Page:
about 260 miles west of Bordeaux; one 1,000 GRT steamer painted 
black and without neutrality markings, on southerly course, about 
60 miles north of Cape Ortegal; 2 similar ships about 220 miles 
west- northwest of Cape Ortegal flying a white flag with a red 
sphere on the aftermast, both on northerly course; 1 destroyer 
and h corvettes, on southerly course 60 miles north of the above- 
mentioned position; at 1650 a convoy of 55 steamers of from 5>000 
to 10,000 GRT, 1 cruiser of the LONDON class, 3 destroyers and h 
corvettes, proceeding at 10 knots, on southerly course about 
260 miles northwest of Cape Ortegal. Radio intelligence detected 
a British vessel about 350 miles west of Cape Ortegal. 

- 236 - CONFIDENTIAL 



19 Mar. 19^3 CONFIDENTIAL 

An intelligence report states that the battleship NELSON or RODNEY 
was observed in the late afternoon 50 miles south of Lisbon on 
southerly course, speed 18 knots. According to another intelli- 
gence report, the Irish steamer CHI OF DUBLIN sank with the whole 
crew after striking a mine* 

The last definite observation of the RODNEY and NELSON was on 12 
Mar, at Gibraltar after which they sailed for the Mediterranean. 
While the possibility that one or both of the ships may have later 
turned back through the Straits of Gibraltar unobserved cannot be 
excluded, it is unlikely in view of the continuous check main- 
tained* 

2. Own Situation ; 

Atlantic Coast ; 

Torpedo boat T "5" put in to Brest at noon. Destroyer Z 
w 37" and torpedo boat T "2" anchored in Royan roads at 1930. 

Group West has requested Air Commander, Atlantic Coast to make a 
reconnaissance on 20 Mar. of the sea area Cape Villano - 13° W / 
0888 - 23° W / 3889 - 2li° W / 8135 - 2U° W / 9582 - Cape Villano. 

Group West has requested that DOGGERBANK be advised by radio that 
she will be met at 0800 German standard time on 23 Mar. at U3°10» 
N, 9°30' W by three or four destroyers with special orders. Naval 
Staff has pointed out to the Group that it will probably be im- 
possible to fix the date and time of meeting, as the DOGGERBANK 
cannot increase her speed any further and, since she will probably 
have to avoid convoy KMS 11, she will probably have to delay her 
arrival at the rendezvous. Naval Staff proposes that the position 
of the blockade runner be established by air reconnaissance as 
soon as possible and rendezvous with the destroyers set by dead 
reckoning. Copy as per teletype l/Skl 825/13 Gkdos. Chefs, in 
War Diary, Part C, Vol. II b.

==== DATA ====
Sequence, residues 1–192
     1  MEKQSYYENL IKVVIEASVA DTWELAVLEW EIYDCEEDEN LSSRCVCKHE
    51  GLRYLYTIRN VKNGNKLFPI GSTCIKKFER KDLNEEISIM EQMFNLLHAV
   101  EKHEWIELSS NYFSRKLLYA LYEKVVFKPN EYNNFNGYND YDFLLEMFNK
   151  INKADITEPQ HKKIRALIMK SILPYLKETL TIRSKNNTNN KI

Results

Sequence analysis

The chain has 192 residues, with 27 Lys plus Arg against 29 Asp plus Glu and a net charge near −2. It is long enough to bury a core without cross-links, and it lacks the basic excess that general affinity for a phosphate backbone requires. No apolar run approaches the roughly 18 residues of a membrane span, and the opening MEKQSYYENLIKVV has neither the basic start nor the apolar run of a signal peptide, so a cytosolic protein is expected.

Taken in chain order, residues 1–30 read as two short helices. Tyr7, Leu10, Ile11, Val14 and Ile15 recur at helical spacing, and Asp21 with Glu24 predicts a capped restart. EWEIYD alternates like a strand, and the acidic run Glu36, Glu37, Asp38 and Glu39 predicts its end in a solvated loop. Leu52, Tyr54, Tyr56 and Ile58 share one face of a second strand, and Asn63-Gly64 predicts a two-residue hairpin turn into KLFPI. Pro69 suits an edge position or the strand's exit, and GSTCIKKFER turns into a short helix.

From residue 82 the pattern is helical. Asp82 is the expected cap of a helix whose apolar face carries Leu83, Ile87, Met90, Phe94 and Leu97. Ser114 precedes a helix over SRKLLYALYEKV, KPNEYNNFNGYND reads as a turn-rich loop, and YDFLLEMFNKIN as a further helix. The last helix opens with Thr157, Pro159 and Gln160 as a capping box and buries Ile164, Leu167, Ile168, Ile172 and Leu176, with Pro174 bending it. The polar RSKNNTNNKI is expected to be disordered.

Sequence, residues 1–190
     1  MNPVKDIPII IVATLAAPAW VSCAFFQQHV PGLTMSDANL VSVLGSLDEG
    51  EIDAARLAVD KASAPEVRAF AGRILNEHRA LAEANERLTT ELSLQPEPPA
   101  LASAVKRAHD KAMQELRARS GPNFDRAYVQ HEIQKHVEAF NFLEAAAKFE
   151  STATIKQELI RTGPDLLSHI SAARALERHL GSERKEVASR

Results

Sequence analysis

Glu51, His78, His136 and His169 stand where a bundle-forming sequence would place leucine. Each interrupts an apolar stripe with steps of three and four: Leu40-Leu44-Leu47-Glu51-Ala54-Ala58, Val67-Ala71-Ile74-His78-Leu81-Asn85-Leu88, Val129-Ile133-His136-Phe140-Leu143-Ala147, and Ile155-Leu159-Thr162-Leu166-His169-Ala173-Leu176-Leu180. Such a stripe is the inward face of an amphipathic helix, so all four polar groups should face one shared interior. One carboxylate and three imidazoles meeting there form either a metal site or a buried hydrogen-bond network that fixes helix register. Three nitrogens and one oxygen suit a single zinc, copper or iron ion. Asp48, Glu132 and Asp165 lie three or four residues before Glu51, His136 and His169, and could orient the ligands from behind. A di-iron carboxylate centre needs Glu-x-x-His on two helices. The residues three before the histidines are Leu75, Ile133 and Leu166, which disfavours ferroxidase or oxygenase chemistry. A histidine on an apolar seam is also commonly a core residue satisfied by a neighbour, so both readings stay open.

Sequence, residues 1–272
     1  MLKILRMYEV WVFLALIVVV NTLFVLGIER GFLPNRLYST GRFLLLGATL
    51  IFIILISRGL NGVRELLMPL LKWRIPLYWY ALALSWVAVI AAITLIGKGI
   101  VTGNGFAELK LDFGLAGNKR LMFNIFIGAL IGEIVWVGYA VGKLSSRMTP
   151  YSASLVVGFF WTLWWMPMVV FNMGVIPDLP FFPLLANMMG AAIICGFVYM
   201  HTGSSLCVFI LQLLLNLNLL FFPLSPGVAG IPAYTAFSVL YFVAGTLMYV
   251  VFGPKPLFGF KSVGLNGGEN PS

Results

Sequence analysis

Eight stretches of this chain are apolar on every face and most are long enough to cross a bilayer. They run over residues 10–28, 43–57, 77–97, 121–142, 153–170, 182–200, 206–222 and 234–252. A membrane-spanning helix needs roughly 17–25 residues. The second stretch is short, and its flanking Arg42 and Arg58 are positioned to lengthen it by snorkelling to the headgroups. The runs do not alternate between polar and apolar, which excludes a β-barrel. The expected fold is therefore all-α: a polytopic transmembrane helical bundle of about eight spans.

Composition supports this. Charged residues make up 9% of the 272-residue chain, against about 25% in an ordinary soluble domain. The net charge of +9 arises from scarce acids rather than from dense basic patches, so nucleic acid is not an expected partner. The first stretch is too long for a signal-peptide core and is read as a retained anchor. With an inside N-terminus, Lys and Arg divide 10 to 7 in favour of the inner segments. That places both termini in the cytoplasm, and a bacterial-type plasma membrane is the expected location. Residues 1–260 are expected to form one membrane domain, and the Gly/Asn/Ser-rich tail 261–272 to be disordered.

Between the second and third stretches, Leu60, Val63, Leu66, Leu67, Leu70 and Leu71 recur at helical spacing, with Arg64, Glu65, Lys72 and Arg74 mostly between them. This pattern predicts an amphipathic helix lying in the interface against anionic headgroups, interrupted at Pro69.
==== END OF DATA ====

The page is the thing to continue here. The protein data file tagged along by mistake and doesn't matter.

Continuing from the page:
Group West submitted operational orders for; 

a.) Incoming of DOGGERBANK. (Code words "Bornholm" and 
n Juergen" ) • 

Code name for DOGGERBANK - "REIHER". 

Meeting by the 8th Destroyer Flotilla at 9°30' W, 1i3 o 10' 
N is scheduled. 

b.) Bringing in PIETRO 0RSE0L0. 

(Code word "Anke"). 



- 237 - CONFIDENTIAL 



19 Mar. 19h3 CONFIDENT IAL 

Meeting by the 8th Destroyer Flotilla at 1*3 20» N, 15° W 
is scheduled. 

c.) Escort of outgoing blockade runners by destroyers and 
torpedo boats, 

(Code word "Elisabeth"). 

Code names are: 

for ALSTERTJFER - PA VILLON 

for HIMALAYA - SACCO 

for PORTLAND - LANDWEHR 

for OSORNO - QUERRTRT 

The 8th Destroyer Flotilla reported its plans in regard to Group 
West's operational order for bringing in the DOGGERBANK. 

The Flotilla plans to transfer two vessels to Le Verdon and two 
to Royan on 20 Mar,, and to put out for the rendezvous at OliOO on 
22 Mar. 

Channel Coast ; 

The 12th Motor Minesweeper Flotilla reports that code 
security was not compromised when motor minesweeper R "1*0" was 
damaged on 17 Mar, The code chest with five cylinders was lost. 
Secret documents were thrown overboard in canisters at a depth of 
US meters, (See teletype 1515), 

In the evening, targets were located and fired at off Etaples. 



Ill, North Sea, Norway, Northern Waters , 

1. North Sea t 

Enemy Situation : 

Three fishing cutters with Danish markings, on westerly 
course, were stopped at 0750 100 miles north of Texel by our air 
reconnaissance and forced to turn east. 

Own Situation: 



Three ELM/J mines were cleared near Ameland and Juist, 



- 238 - CONFIDENTIAL 



19 Mar. 19*0 CONFIDENTIAL 

A harbor defense boat was attacked off the Hook of Holland by two 
enemy planes and slightly damaged. Escort service and channel